I’ve been using this for 6 or so weeks and it generally works as advertised. At this point, I’m still keeping it in a mesh pocket on the back of my camelback while riding. This positions the unit at roughly 45 degrees when I’m riding along. Realizing this is not the optimal “vertical” position that SPOT mandates for use, it still transmits fairly regularly while in tracking mode. I’ve noticed that while in this position (45 degree angle), it transmits just fine except when my back is facing SW or NW….I imagine this is a function of the satellite locations at any given time. When in a vertical position, it works perfectly most of the time while in tracking mode. When it does not, I just reset it back into tracking mode.

AndrewJune 11th, 2010 at 7:06 am

I have one, and I’m not as impressed as I’d like to be. I have the basic “low cost” $99 a year service—no tracking. The documentation doesn’t really specify the difference between what the difference between the basic and the extra tracking service does.

One ‘gotcha’ is that with the basic service you can only send messages every 20 min. They simply won’t go more often. I often have no idea if the message was sent or not. With a few big bikepacking trips planned, I hesitate to rely on it as much more than extra weight in my bag.

stanAugust 1st, 2010 at 7:50 pm

I have had my Spot for about a year. I do a lot of motorcycle riding in the mountains. It seems to have really hard time getting a message out if you are not in wide open spaces. I just went on a 7 hour motorcycle ride in the mountains, covering 150 miles. I sent 5 OK check-in messages druing the ride, and only 1 got through. Does this mean that if I crash and need help I have a 20% chance taht my message will get out? What if I am too injured to climb to the top of the nearest mountain where I have unobstructed skys? A good choice if you are in wide open spaces, but maybe not in the mountains, or the forest.

ScottMAugust 2nd, 2010 at 7:17 am

stan — the unit will try a lot harder to get help and 911 messages out. It continually tries to get a signal and will even send a message without a GPS lock. So, I would expect much better than 20% chance in case of emergency.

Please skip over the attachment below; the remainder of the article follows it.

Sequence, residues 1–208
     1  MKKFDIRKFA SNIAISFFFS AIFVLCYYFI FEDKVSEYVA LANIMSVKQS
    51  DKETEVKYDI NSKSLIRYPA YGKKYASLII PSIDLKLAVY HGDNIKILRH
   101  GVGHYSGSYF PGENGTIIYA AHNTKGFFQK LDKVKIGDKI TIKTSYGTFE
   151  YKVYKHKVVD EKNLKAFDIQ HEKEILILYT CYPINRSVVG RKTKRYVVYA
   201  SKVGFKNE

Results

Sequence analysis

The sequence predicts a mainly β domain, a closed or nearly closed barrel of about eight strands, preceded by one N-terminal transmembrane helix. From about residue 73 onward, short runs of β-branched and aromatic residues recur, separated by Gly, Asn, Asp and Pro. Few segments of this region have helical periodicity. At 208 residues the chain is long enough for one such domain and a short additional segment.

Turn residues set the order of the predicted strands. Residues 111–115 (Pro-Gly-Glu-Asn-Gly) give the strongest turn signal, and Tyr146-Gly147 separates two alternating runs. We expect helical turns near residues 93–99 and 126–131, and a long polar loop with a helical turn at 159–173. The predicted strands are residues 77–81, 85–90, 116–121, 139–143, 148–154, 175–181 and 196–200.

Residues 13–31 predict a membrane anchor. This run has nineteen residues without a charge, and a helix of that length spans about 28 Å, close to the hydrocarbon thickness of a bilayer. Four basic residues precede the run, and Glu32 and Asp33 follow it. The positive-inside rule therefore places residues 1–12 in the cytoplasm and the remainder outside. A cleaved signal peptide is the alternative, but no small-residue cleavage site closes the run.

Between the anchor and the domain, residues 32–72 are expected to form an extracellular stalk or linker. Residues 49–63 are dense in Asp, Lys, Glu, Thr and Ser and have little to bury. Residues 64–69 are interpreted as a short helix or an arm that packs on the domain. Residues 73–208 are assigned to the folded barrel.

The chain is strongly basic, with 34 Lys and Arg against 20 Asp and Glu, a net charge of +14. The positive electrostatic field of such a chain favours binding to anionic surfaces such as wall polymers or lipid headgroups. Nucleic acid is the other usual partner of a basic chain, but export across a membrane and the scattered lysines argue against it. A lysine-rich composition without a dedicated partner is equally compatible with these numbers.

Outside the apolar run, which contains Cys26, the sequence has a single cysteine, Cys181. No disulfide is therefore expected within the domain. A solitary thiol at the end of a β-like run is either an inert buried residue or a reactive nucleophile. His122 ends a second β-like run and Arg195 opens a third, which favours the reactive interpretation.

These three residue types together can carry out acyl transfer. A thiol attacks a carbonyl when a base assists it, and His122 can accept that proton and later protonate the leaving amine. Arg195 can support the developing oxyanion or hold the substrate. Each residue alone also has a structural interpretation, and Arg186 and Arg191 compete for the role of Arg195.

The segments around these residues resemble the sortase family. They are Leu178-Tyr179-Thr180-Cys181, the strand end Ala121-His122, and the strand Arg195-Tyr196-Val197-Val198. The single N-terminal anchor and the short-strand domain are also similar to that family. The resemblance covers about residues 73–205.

One problem is people that only use OK (not track mode) will pull the SPOT out, hit OK, then put it away. It can take several minutes to get a new GPS fix and send the signal out, so you need to leave the unit facing up and with a clear view of the sky for about 20 minutes after hitting OK. People that use the track feature have a lot better luck with messages getting out for this reason.

DavidNovember 3rd, 2010 at 3:03 pm

First of all, it doesn’t work unless you have wide open sky.  Perhaps if you are concerned about getting lost on a prairie this product may work. I got a message out from a parking lot at a football stadium but could not get a signal from a city park with a few trees. So, if you are headed to the mountains, leave this piece of junk at home. Second, the company will re-bill you automatically. They hide this in the fine print so you get a surprise a year later. Customer service (misnomer) is VERY RUDE and will NOT refund what they auto bill you. This product and company are just short of fraudulent. STAY AWAY!

elwood64November 13th, 2010 at 2:51 pm

Have used this product for 3-4 years and am very satisfied. I ride by myself often, and it allows me some peace of mind in case I wreck alone. I have never had it not get a signal out (in ‘OK’ mode). The trick, as mentioned, is that it does take around 5-10 minutes to get the gps lock and signal sent. Be patient grasshopper. I have tested it in low tree cover and tall pines. Always sent. I only have basic service, and will always ride with it in my pack.

craigofnzSeptember 22nd, 2011 at 4:36 am

* It uses a simplex satellite data service – this means there no confirmation that a message has been sent.
* Best used with tracking mode enabled.
* When send ‘OK’ messages, remember to stay still for 20 mins.

I have had a SPOTv1 for three years. I take it on all my backcountry adventures (on cycle and foot) and have now successfully used it in three continents :).

My family like knowing where I am, and the tracking combined with trip plan it works well to assure them that I am fine. No emergencies so far, but the gives me both persistent send for help, and when followed by families or friends, if it failed due to a canyon or tree cover etc, failure to follow advance plans, a long time without position updates would be an additional indicator as to where I am, based on my last known time and position.